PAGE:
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Written by fabiorojas

October 18, 2011 at 2:06 am

6 Responses

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  1. nice set of lists! from the perspective of one coming through an interdisciplinary program phd (econ, org theory, political science), these thoughts very much resonate. it has been interesting watching economists learn how to teach student (such as myself) who want to learn the methods & theories but have no interest in being socialized as such.

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    anon

    October 18, 2011 at 5:14 am

  2. With some of the substantive topics you mention, you could make the case that they’re actually much more useful if you employ them like a sociologist or anthropologist rather than like a typical economist. That is, rather than taking rational utility-maximization as a premise about human behavior, treat it as a specific pattern of interaction that can arise given a particular system of social relations.

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    Peter

    October 18, 2011 at 8:29 am

  3. About this “obsession with identification”:

    1. a big part of economics deals with highly value-laden questions, as does sociology. I do not think there is such thing as being too careful with making claims in this environment.

    2. social interactions usually do have selection problems, unlike meteorological and astronomical phenomenon.

    I would thus argue that close attention to identification is almost as important here as was the introduction of double blind testing in medicine.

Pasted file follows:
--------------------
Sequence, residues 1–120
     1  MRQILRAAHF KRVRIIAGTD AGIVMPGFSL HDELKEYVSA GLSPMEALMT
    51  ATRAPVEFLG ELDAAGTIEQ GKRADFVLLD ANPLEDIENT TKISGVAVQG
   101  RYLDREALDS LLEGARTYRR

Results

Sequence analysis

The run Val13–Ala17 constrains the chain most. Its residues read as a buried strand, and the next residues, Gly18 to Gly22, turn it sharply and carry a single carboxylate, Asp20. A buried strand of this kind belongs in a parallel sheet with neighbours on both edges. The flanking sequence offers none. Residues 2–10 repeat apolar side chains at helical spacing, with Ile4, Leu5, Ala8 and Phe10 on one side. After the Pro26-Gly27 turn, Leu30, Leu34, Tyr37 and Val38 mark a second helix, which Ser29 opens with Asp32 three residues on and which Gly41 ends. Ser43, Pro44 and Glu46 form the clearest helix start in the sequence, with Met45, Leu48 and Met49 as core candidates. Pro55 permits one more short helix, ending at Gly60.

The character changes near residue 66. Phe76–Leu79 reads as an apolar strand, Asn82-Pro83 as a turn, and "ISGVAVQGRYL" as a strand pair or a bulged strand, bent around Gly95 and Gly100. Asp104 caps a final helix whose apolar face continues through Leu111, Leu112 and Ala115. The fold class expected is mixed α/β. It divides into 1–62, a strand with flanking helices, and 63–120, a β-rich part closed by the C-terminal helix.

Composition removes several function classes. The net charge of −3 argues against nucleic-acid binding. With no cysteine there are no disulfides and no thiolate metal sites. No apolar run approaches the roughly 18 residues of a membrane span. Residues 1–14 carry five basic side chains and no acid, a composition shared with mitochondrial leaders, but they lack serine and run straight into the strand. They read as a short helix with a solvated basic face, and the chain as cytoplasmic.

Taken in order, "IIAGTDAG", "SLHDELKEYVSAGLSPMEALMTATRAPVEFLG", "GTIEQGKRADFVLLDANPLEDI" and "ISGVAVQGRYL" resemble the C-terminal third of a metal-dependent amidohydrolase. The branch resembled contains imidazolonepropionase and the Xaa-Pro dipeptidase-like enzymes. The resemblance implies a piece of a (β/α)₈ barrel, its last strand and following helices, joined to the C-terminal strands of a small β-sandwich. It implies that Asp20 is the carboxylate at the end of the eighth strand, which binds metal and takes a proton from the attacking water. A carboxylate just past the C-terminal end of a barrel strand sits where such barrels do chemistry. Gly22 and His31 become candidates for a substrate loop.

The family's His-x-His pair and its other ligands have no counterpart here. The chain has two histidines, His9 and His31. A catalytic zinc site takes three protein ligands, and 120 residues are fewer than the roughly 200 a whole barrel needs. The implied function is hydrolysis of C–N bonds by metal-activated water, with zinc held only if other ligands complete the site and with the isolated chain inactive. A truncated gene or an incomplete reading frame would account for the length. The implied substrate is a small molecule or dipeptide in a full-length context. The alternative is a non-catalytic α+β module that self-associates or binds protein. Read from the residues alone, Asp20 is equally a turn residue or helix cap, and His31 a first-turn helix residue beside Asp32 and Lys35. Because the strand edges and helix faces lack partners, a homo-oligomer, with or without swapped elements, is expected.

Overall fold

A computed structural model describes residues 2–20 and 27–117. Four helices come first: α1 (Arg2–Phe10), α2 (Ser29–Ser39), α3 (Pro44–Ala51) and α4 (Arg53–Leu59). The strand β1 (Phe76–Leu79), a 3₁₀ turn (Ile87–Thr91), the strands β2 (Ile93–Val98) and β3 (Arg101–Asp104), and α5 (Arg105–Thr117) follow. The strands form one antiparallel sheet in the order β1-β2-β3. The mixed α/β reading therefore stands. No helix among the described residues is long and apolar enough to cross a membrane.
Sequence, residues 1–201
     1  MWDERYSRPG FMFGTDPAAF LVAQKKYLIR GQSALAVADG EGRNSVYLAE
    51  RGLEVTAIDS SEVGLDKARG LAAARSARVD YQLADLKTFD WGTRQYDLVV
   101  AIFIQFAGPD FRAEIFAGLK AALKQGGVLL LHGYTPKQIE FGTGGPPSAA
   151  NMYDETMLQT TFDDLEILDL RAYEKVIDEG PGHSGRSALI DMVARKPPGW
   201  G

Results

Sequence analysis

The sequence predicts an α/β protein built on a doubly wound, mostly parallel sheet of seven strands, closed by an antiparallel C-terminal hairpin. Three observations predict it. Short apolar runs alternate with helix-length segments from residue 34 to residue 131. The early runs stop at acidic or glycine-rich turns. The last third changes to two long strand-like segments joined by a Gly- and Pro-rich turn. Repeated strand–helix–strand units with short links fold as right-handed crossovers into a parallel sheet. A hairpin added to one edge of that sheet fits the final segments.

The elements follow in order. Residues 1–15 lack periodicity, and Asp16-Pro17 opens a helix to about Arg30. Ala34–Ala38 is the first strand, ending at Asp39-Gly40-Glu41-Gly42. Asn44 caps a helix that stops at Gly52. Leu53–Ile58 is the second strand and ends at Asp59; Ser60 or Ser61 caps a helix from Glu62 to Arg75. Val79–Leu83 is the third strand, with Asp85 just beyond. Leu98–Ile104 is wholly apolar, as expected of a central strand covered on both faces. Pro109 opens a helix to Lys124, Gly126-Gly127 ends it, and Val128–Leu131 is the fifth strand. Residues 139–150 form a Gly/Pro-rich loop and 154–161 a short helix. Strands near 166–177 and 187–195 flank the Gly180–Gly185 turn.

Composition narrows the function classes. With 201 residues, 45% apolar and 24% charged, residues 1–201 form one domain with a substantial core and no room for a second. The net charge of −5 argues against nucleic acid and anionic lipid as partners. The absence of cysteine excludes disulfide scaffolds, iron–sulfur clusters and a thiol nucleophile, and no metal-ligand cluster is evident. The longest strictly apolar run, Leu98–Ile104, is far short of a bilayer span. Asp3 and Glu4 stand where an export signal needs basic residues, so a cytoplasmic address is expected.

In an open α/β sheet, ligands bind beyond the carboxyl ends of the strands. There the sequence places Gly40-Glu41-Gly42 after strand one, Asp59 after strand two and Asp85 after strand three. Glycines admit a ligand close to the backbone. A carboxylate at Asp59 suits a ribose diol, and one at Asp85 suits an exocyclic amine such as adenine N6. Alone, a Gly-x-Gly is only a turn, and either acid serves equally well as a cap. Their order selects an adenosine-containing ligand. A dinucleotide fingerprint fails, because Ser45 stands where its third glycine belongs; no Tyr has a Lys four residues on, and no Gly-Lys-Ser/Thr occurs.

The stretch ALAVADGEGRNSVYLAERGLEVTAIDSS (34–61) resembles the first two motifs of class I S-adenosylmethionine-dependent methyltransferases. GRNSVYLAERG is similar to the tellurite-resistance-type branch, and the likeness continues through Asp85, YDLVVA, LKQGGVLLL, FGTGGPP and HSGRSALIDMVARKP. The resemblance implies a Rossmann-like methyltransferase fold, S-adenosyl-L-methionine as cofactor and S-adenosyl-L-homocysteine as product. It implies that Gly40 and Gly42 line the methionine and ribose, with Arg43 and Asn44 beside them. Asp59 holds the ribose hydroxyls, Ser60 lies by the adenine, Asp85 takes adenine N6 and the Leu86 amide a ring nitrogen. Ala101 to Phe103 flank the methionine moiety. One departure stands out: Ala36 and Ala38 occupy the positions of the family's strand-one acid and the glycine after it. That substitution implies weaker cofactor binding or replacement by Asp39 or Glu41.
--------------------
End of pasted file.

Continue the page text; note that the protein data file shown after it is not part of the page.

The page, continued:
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    Indrek Seppo

    October 18, 2011 at 10:51 pm

  4. Bayesian games

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    Jon

    October 19, 2011 at 11:58 am

  5. @indrek:

    First, I accept identification as an important issue, for the reasons that you described. If you read soc journals, you’ll see a fair number of experiments, IVs, and so forth. Sociologists believe in identification.

    What I reject is the belief that data analysis is useless unless the process has been completely identified. There are a few reasons for my belief.

    First, there are some processes where an experimental design would be really, really hard to create. This is true when you deal with large complex systems. For example, a lot of macroeconomic questions are hard to approach through experiments. If we wanted to know if the Obama stimulus package helped the economy, we can’t rerun our economy under different conditions. Observational data is all we got.

    Second, identification assumes that you have a well defined research question. However, there are a lot of research areas where people are in the process of just figuring out the state of the world. For example, my own research area, protest movements, has a paucity of data. Protests are hard to track for a variety of reasons. Thus, we are happy when we get decent observational data.

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    fabiorojas

    October 19, 2011 at 2:46 pm

  6. in a bayesian hierarchical model, couldn’t one model one’s belief in a given identification as a higher layer of the hierarchy? a notion of “complete” ldentification seems chimerical, but then it begs a question of what sort and degree of identification one wants to claim.

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    Tony

    October 22, 2011 at 5:39 am